Skip navigation
Sign up to follow your favorites on all your devices.
Sign up

Bob Beamon’s Olympic gold medal auctioned for $441,000

Bob Beamon, who shattered the long jump world record at the 1968 Mexico City Olympics, auctioned his gold medal for $441,000 on Thursday.

The highest bid was $350,000 in a Christie’s auction. The buyer’s premium fee was 26%, bringing the total to $441,000.

“I’ve enjoyed it over 55 years, and I still enjoy it, but I think it’s something for the world to see and someone to enjoy,” Beamon said when the auction was listed in December, according to Sports Illustrated. “I’m 77 years old now. The memories and the love of it is just wonderful. However, I think passing it on would be a wonderful experience for me.”

The record auction price for an Olympic gold medal was set in 2013, when one of Jesse Owens’ four golds from the 1936 Berlin Games went for $1,466,574.

In 2021, Bill Russell’s basketball gold medal from the 1956 Olympics sold for $587,500.

In 1968, Beamon broke the long jump world record by nearly two feet in his first leap in the Olympic final.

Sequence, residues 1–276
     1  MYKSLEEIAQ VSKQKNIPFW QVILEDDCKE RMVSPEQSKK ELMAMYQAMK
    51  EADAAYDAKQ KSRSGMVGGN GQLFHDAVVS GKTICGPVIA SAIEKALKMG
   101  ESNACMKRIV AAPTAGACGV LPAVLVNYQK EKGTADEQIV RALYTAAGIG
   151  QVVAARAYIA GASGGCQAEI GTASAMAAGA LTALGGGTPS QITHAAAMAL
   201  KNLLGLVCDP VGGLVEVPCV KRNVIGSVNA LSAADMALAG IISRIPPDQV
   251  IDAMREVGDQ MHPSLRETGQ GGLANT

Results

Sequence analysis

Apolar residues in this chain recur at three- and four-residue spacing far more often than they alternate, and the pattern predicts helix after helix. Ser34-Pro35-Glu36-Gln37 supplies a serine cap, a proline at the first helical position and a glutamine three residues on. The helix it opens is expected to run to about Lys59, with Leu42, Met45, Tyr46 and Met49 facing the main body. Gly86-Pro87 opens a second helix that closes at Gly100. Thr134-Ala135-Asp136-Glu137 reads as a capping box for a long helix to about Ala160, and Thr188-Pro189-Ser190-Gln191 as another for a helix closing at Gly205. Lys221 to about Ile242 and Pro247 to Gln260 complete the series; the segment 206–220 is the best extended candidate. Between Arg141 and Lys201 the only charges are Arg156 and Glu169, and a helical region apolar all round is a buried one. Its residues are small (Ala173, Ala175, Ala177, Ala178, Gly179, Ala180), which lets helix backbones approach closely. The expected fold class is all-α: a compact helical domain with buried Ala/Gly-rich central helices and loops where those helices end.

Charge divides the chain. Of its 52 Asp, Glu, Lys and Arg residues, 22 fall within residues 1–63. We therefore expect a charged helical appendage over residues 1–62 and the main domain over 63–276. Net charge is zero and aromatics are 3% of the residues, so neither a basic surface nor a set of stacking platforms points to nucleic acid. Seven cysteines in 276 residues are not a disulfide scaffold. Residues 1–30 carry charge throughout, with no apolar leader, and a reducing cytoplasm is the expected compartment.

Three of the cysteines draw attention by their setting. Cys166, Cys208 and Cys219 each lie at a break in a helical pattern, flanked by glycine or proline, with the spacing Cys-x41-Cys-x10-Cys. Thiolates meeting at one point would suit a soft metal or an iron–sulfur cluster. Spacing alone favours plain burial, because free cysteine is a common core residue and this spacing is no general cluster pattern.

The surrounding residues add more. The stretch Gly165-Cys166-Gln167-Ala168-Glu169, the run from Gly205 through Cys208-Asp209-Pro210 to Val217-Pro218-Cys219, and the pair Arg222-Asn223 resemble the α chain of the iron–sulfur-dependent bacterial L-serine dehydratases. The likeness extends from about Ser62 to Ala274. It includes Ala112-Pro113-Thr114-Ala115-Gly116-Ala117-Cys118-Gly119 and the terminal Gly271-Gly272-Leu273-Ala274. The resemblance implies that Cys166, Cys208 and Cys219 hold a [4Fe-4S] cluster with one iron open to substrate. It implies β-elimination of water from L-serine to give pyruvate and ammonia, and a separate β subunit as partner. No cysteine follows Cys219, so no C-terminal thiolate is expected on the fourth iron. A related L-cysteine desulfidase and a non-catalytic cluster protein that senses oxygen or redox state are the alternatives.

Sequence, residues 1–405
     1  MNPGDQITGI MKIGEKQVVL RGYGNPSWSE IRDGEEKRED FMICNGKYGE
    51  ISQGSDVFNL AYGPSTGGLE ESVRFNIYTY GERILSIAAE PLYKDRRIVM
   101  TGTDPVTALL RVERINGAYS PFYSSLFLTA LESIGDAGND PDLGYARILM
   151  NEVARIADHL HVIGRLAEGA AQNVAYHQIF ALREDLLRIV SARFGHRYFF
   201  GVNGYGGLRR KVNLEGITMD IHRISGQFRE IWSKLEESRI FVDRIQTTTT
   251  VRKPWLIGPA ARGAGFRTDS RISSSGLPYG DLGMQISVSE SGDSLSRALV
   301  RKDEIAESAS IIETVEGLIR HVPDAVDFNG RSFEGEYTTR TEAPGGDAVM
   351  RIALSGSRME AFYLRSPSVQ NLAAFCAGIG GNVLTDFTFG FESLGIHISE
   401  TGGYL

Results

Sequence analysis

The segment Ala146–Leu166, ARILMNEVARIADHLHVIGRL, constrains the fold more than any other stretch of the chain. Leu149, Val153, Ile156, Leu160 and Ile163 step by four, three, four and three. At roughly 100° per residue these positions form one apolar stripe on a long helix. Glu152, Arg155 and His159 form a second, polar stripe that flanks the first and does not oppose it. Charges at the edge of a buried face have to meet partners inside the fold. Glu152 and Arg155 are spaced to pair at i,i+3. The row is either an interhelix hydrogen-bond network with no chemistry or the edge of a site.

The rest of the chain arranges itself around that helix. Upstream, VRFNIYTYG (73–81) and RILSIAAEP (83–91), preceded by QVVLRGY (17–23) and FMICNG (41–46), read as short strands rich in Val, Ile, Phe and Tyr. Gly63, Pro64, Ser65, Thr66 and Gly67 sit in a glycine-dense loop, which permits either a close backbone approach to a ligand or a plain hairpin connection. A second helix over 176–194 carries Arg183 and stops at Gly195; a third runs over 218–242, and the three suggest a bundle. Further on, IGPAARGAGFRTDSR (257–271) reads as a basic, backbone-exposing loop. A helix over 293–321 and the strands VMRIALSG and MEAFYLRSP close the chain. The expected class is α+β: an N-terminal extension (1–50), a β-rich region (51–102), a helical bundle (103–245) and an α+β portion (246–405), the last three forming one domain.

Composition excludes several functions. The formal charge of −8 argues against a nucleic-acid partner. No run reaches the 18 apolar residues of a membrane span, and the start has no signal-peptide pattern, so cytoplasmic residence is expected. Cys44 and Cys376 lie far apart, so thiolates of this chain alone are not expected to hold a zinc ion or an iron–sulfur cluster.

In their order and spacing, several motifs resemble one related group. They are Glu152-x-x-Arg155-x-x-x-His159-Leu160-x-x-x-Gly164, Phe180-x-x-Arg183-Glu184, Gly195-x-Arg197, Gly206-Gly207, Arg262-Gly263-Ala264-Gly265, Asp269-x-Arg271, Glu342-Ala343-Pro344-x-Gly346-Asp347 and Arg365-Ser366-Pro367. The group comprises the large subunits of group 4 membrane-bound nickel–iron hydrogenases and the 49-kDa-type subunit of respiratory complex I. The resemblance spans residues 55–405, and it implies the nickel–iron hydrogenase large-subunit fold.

The jump was so long, so unexpected, that the measuring device couldn’t extend far enough to record it.

It took about a half-hour to locate and lay out tape to confirm what Beamon figured, that he’d broken the world record of 27 feet, 4 3/4 inches. The measurement: 29 feet, 2 1/2 inches.

Beamon’s record stood until the 1991 World Championships, when Carl Lewis and Mike Powell had a legendary long jump duel.

In the fourth round, Lewis leaped one centimeter beyond Beamon’s world record, but he benefited from a 2.9 meter/second tailwind, which was beyond the 2 meter/second limit for record purposes.

In the next round, Powell broke Beamon’s world record by five centimeters with legal wind. He won. Powell’s world record still stands.

“They said my record would never be broken,” Beamon said in 2014 for a story marking the date that Powell’s world record had stood longer than Beamon’s. “I’ve always looked at it as records will always be broken.”